“It will end discrimination against pre-existing conditions, and end the cruel practice of rescission, which allows insurance companies to drop people from coverage if their illness is considered too expensive. This bill also guarantees that people with insurance will not face devastating costs when they get sick by placing limits on out-of-pocket medical expenses, and creating, for the first time ever, a voluntary long-term care program. And H.R. 3962 would end the blanket exemption insurance companies currently enjoy from anti-trust laws. With this change, we can now bring anti-trust enforcement against the egregious practices of price-fixing and market allocation.
“H.R. 3962 contains numerous provisions that help our seniors by strengthening and enhancing the Medicare program. This bill reduces the donut hole to $500 immediately and eliminates it entirely by 2019. It allows the HHS secretary to negotiate prescription drug costs, which I have long advocated for, eliminates out-of-pocket expenses for preventive care for seniors, and extends the solvency of the Medicare trust fund for at least five years.
“Small businesses also receive desperately needed assistance from this bill. Initially, businesses with up to 25 employees, then growing to businesses with up to 100 employees by 2015, will be able to join the health exchange, which will allow small business employees to take advantage of group rates and a broader range of insurance options – a key change that will go a long way toward helping small businesses keep down their number one expense, which is the cost of providing health care coverage.
“For America’s young people, who make up 29% of the uninsured in America, H.R. 3962 will permit parents to extend coverage to their children until their 27th birthday.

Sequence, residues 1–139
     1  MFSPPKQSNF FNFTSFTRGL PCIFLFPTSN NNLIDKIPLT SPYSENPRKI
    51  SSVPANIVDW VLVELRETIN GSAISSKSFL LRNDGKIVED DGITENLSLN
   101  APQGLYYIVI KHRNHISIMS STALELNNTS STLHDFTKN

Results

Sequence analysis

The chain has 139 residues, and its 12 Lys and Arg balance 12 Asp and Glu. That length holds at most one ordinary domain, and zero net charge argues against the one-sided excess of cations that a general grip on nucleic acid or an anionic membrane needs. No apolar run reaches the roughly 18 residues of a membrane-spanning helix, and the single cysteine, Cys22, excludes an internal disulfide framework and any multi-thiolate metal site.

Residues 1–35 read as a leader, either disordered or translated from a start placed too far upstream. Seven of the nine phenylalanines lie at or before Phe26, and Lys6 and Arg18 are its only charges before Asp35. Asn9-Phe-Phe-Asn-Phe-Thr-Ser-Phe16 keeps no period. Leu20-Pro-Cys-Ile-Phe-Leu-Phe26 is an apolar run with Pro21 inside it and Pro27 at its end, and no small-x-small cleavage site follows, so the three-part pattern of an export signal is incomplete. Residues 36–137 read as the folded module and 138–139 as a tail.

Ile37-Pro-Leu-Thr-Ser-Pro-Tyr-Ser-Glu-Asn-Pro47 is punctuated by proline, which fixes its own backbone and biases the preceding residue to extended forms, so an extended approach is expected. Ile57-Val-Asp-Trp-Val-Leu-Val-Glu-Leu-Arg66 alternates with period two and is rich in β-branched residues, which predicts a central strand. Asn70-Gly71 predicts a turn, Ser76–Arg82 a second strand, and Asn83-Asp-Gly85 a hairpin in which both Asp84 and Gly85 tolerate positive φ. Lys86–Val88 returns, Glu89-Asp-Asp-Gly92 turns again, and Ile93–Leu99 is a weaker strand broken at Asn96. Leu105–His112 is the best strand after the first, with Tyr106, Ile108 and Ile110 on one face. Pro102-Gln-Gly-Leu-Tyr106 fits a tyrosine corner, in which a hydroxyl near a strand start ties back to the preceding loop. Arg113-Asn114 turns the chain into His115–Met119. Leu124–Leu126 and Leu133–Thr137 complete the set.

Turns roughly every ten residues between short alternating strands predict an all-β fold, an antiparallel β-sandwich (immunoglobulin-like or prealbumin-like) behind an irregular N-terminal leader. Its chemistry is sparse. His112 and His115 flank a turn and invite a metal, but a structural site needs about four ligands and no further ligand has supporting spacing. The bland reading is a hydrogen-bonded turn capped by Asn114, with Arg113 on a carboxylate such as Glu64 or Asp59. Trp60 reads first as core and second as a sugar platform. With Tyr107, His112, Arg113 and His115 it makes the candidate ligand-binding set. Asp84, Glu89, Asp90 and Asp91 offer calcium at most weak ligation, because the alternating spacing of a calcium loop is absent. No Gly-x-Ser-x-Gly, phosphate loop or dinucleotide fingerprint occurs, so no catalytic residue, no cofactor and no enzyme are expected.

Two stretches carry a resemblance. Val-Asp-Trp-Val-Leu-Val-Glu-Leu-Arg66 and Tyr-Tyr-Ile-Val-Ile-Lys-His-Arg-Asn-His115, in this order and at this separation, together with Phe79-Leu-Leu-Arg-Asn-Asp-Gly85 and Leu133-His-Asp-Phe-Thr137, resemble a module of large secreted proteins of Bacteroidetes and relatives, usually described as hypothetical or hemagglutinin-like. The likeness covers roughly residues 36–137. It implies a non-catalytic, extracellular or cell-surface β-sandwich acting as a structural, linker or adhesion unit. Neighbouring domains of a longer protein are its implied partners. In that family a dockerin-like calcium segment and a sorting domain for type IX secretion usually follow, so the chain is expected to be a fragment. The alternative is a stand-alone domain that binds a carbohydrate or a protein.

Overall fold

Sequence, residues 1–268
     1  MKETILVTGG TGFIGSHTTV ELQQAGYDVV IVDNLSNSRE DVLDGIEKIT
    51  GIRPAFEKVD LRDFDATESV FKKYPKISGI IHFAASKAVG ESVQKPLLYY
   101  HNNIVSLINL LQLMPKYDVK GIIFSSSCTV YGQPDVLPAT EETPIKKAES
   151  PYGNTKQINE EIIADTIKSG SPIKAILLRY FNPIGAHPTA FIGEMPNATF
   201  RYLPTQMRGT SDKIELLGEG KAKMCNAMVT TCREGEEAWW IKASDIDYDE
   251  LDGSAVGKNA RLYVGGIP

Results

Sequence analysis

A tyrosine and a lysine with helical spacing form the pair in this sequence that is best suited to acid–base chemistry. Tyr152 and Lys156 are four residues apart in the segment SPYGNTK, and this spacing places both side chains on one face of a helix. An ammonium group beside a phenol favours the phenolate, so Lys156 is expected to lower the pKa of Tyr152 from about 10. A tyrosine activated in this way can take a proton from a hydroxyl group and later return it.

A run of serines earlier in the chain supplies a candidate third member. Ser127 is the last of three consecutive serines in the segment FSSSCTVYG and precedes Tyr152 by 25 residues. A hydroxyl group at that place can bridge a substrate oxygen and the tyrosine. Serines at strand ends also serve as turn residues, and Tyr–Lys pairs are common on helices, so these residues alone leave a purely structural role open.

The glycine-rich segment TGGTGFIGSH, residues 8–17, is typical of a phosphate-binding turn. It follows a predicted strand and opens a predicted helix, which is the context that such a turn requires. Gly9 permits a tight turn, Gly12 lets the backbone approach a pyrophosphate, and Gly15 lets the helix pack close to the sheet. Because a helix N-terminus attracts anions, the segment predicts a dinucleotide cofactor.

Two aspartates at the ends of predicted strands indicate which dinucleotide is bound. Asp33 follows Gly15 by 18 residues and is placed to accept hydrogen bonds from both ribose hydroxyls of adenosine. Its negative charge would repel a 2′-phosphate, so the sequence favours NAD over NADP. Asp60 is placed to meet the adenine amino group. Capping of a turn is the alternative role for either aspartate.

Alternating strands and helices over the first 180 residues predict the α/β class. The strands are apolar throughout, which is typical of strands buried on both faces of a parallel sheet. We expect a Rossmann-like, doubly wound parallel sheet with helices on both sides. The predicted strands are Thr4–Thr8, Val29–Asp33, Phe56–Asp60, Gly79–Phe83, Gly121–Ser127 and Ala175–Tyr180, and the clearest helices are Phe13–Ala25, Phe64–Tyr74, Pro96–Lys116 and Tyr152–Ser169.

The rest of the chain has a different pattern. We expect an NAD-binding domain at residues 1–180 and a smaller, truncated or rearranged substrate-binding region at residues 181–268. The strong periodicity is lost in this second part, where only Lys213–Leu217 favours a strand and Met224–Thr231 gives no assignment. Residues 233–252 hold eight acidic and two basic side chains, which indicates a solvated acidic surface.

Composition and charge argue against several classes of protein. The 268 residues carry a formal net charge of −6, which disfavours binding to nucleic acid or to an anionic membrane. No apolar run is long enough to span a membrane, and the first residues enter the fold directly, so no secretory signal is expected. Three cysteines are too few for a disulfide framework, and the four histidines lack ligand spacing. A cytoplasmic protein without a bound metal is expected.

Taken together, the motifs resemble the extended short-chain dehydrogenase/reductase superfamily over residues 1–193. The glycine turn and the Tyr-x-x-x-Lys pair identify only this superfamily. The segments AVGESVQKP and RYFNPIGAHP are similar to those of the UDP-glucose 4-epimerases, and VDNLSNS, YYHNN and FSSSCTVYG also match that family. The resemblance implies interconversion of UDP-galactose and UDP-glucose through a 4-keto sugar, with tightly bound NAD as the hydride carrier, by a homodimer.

“To help American families defray the costs of health coverage, this bill extends assistance on a sliding scale to families earning up to $88,000 per year. This will go a long way toward ending the cruel choice between health care coverage and other necessities.
“Madam Speaker, there are some who have said that health care reform is too hard. There are those who have allowed misinformation and politics to push them to root against helping their fellow Americans to have access to quality, affordable health care. There are even those who, for reasons I fail to grasp, want to continue status quo.
“To those people, Madam Speaker, I say – the status quo is not an option. We have a remarkable opportunity in front of us. We have an opportunity to make fundamental changes to the way we view health care and deliver services, to implement a competitive public health insurance option that puts the patient before the quarterly financial report. And, with passage of this bill, we will be able to say for the first time in this country that just because you lose your job, you won’t lose your health insurance.
“Madam Speaker, this is monumental. This is historic. And I am proud to cast my vote in favor the Affordable Health Care for America Act.”
Nadler also announced that he will oppose the anti-choice Stupak amendment:
“The Stupak amendment requires women to plan for unplanned pregnancy,” said Nadler. “This defies logic and is absurd,” continued Nadler. “This is a bill to extend health care to all Americans. It should not be used as a political football to change existing law regarding abortion coverage.”